FedEx is one of more than 200,000 businesses that work with the US federal government, which makes the shipping giant’s operations subject to evaluation by the Labor Department. Labor alleged that FedEx discriminated against more than 20,000 job applicants in multiple states, using unfair hiring practices that resulted in the underrepresentation of certain groups in its workforce, including women and minorities.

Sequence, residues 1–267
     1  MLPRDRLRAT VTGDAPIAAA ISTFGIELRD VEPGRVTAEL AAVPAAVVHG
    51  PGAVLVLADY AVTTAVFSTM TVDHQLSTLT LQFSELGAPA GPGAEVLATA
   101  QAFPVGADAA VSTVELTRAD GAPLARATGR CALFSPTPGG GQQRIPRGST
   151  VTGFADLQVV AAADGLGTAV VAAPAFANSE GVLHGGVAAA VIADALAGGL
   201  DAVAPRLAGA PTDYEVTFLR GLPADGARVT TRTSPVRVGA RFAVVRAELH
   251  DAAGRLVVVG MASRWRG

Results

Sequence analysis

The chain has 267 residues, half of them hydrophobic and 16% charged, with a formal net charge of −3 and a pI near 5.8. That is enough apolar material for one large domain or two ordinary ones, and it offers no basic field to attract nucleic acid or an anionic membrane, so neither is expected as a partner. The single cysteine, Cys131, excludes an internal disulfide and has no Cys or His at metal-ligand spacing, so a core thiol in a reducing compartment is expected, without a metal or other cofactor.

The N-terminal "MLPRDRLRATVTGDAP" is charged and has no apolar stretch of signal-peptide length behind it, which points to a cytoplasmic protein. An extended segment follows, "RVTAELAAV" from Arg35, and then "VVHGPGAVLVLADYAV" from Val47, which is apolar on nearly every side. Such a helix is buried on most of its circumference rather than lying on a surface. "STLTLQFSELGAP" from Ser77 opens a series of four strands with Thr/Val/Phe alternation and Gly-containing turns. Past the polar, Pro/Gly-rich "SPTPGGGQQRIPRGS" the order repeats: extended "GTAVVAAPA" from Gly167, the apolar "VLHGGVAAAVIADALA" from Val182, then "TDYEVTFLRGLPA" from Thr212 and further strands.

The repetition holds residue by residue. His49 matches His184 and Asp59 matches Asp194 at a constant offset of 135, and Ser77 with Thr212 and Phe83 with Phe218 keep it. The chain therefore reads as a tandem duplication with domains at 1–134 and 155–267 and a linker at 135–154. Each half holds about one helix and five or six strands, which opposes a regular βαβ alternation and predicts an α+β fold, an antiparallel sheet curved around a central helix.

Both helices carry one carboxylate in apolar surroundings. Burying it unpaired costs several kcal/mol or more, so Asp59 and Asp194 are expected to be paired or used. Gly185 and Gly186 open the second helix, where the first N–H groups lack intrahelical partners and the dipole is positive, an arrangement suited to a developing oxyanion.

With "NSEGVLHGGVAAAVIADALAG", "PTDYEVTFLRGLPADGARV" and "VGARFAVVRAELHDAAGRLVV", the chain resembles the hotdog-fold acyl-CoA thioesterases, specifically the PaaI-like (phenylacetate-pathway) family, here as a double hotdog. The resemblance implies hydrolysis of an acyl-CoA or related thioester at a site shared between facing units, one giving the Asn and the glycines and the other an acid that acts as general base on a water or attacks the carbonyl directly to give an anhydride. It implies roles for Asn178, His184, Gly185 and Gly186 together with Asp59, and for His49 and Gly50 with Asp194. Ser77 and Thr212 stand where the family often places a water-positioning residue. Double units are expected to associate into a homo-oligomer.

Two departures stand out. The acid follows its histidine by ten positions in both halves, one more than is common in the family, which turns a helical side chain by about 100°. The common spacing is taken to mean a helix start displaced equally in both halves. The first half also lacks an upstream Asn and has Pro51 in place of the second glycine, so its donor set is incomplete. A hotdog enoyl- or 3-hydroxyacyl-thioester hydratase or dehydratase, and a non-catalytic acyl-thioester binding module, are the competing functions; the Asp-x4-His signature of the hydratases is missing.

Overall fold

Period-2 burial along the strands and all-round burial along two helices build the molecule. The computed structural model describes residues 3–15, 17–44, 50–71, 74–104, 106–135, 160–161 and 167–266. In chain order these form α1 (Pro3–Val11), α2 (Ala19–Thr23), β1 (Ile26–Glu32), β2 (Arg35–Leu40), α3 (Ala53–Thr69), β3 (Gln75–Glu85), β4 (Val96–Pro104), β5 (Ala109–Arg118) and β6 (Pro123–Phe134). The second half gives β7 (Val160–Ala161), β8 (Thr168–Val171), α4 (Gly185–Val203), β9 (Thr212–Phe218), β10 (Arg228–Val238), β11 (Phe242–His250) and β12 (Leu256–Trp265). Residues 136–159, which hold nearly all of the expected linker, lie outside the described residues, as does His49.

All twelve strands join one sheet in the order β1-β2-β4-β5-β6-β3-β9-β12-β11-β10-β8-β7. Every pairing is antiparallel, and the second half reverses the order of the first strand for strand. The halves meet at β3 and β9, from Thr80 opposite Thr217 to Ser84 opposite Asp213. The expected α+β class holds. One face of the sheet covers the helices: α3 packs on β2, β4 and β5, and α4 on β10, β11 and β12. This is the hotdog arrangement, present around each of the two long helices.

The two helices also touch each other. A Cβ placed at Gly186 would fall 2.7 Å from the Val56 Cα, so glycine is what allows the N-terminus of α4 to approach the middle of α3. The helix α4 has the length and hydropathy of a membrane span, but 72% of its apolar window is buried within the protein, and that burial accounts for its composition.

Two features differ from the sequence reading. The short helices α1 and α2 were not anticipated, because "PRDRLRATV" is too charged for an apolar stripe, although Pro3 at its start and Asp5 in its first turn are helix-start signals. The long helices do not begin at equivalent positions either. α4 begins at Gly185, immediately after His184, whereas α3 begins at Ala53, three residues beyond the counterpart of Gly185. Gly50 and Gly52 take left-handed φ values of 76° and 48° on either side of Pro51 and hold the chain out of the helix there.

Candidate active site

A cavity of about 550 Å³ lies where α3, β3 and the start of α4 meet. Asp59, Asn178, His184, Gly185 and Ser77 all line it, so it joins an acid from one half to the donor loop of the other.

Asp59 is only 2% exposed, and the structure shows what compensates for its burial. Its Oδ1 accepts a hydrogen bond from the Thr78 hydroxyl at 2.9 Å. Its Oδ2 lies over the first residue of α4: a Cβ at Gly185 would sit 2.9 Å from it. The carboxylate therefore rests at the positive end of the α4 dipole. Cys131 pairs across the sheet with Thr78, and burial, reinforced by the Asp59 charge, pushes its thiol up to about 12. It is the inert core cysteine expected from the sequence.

FedEx disagrees. The accusation of discrimination was the result of a computer statistical analysis of its new hires, which is open to interpretation and ignores too many factors. No complaints were made by actual people, the company points out. Of course the people who might have complained wouldn’t have access to the revealing landscape painted by the stats—they’d have only that lonely helpless feeling that something wasn’t quite right. Yet the statistics must necessarily miss countless intangibles that employers seek, distorting the picture further. What really happened? We won’t know. FedEx paid $3 million to make it go away, promising to revamp some of its practices. That’s so little money that even if the company wanted to prove its honor, the marketplace and its stockholders would not allow it.